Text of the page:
Adrian’s emphasis in our conversations is always on the continuity of informal realities in Cuba: the vitality of the informal economy, the power of family networks and the “transnational households” that keep Havana and Miami connected, and the pleasure-seeking “culture of informality” that overwhelmed the commissars from Eastern Europe. An authoritarian tendency is part of the long Cuban tradition. So, too, is a profound problem of racial suspicion and discrimination, a legacy of slavery that the Revolution only chipped at. So in Adrian’s account of Cuba, nothing is quite what it seems or what any of the slogans suggest. And most of the consequences Cuba deals with are the unintended ones.

Adrian Lopez

Adrian Lopez Denis: a ‘continuities’ man

From below it’s a country that found its own way to get over the Cold War, Cuban style. We have already a whole generation in the post-Cold War period. Young people don’t remember the Cold War, and young people people are what drives Cuba forward, both on the island and in Miami… What’s on their mind is survival, and it’s not survival of the fittest. This is not a Darwinian environment, necessarily…

Don’t minimize the unintended consequences of the Cuban revolution. By equalizing income levels and for the most part erasing the old established divisions of class… one of the unintended consequences of that transformation was that people created networks of solidarity, facing a state that controlled public spaces in a very pervasive way. People developed alternatives to it, or a sense of networks… Building on top of a long tradition of an informal economy in Cuba, those networks are now responsible for the dynamics of daily life… They cross all divisions. These are networks of survival, so when you need to survive you can not look at the ideology or the race or the gender of the person you are interacting with. You can’t be that picky…

Race… is one of the deepest problems that Cuba has, and this is one of most obvious failures of the Cuban Revolution. In areas like gender equality, the Cuban Revolution was much more accomplished than in areas like solving the race differential… The Cuban Revolution was never feminist, but the policy was more comprehensive in transforming attitudes of men toward women than in this very weak attempt to transform the attitudes of white people toward black people… The other thing is that the leadership of the Cuban Revolution was terrified of the possibility of an alternative political mobilization of the Afro-Cuban population. Cuban elites and middle classes have been terrified of that for 200 years, since the Haitian revolution. It’s a fear that runs deep in the culture. It’s another consequence of slavery; you had that fear in every society that goes through slavery. The fear of the barbarian is a myth that runs deep. It’s the saddest part of all this story. That is where I think everything the Cuban Revolution tried to do in the soicial and economic arena failed, because the government decided they could not allow the Afro-Cuban population to organize themselves to improve their conditions. The Afro Cuban population was there to receive what the government gave them, and be grateful. They not to fight for more, not to fight for equality, basically… The consequence is that there’s more people in prison today in Cuba than anywhere else in the world. Cuba has the largest prison population in the world right now… It’s a very tragic situation, and the Afro-Cuban population is over represented in prisons, and that is the most obvious sign that something is really going deeply wrong in your country in terms of racial politics… We’re not talking about 300 political prisoners. That’s a footnote. We’re talking about the more or less 200,000 people that are in prison in Cuba today… It’s the most incarcerated society ever created in history… for “being black,” stealing a chicken, surviving.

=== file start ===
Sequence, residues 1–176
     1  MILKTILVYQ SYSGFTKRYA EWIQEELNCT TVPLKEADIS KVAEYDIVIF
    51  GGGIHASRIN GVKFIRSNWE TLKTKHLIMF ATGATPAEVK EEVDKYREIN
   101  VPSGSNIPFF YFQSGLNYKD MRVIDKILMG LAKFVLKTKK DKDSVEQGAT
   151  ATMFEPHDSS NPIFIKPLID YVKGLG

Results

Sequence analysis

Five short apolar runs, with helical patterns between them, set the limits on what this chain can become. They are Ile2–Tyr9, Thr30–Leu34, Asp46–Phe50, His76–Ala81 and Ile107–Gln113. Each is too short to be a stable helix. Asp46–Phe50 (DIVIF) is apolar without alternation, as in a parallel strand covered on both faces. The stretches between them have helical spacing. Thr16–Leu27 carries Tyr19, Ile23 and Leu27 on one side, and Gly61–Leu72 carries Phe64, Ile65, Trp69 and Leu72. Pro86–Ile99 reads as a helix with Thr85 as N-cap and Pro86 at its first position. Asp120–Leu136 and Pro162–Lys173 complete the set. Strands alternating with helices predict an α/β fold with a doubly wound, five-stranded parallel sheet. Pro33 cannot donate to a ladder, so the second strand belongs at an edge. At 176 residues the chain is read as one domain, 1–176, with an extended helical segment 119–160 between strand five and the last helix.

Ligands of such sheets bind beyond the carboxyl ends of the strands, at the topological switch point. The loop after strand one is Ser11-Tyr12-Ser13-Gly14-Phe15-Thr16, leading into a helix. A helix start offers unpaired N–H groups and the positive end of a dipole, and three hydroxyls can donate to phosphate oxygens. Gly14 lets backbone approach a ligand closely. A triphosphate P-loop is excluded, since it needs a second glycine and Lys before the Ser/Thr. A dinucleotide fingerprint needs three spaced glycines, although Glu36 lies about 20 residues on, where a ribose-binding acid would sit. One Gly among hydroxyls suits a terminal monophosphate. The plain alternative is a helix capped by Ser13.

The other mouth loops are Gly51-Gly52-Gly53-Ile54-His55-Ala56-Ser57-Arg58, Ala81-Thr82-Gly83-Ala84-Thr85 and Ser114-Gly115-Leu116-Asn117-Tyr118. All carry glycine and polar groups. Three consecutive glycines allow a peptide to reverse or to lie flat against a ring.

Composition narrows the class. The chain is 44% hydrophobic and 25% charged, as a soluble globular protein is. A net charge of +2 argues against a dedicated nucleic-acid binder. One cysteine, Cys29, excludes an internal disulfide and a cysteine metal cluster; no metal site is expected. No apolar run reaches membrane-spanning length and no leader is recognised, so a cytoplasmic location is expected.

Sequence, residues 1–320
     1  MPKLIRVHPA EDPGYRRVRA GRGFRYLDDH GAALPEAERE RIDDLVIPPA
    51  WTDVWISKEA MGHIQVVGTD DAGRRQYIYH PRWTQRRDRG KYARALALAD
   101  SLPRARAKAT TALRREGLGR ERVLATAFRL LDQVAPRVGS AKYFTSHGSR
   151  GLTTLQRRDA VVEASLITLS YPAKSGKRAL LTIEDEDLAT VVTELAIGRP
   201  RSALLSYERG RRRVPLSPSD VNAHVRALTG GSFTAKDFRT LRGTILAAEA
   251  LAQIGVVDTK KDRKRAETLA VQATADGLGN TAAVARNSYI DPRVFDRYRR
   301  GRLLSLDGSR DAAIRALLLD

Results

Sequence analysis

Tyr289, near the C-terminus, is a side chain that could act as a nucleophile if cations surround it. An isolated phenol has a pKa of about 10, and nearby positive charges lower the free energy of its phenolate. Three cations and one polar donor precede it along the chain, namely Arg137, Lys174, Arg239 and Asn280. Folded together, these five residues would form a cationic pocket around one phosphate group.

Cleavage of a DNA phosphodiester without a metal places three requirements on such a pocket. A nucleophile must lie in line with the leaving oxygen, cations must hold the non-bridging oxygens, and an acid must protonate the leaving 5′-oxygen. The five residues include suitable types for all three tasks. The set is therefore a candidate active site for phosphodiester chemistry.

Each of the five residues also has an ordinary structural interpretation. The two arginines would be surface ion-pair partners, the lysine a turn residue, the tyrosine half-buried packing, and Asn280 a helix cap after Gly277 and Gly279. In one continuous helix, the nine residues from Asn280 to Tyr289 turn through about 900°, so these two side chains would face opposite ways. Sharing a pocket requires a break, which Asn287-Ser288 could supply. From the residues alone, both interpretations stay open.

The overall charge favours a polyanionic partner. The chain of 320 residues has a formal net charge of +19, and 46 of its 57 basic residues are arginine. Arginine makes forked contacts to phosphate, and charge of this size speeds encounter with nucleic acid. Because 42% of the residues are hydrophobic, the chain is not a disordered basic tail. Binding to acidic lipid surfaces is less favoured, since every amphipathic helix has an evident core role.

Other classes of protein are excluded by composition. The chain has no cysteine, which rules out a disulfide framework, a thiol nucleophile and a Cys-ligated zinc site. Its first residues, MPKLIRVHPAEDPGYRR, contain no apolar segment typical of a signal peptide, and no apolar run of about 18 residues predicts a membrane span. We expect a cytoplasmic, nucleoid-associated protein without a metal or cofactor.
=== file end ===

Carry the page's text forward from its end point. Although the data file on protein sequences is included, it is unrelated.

All this informality that I was celebrating a few minutes ago is illegal… The people that pay the price are the people that are more active in the informal economy, people that are more creative. It’s the same creativity that goes into playing jazz… It’s talking to other people, getting along, being able to improvise. You get an Afro-Cuban population that has been for centuries at the bottom of society, that has been needing these connections, developing these networks since the time of slavery; and a government that doesn’t understand the vitality of these networks and tries to substitute a top-down system that really doesn’t work. So there you go.

Adrian Lopez Denis of Brown University, in conversation with Chris Lydon at the Watson Institute, March 12, 2008.

Adrian Lopez Denis gives us, finally, a moment and a place to dwell on. Late in the fall semester, next December 17, he will sweep his contingent of Brown students in Cuba into the mass pilgrimage to the church and hospital outside Havana of San Lazaro , the patron saint of the poor and the sick in Cuba. It was built in 1917 to treat lepers; today it’s famous for its AIDS sanitarium. It is one of the intricate symbols, as Adrian says, of “the island that was there before the Cold War, and that’s going to be there after.”

As many as 60,000 Cubans will celebrate this complicated feast of San Lazaro . “Its a perfect picture of the Cuban Revolution,” Adrian concluded. “It’s a hospital, a prison and a school. People are there because they want to be, and people are there that don’t want to be there. It’s like a microcosm of Cuba. And now they have one of these in every province, fourteen in all… We have the lowest HIV-posititive rate in the Atlantic — a spectacular, stunning success of the Cuban Revolution. And it’s done basically by forcing isolation on people. You get free drugs because you’re sick, but you get isolated and put in this prison because you’re sick.”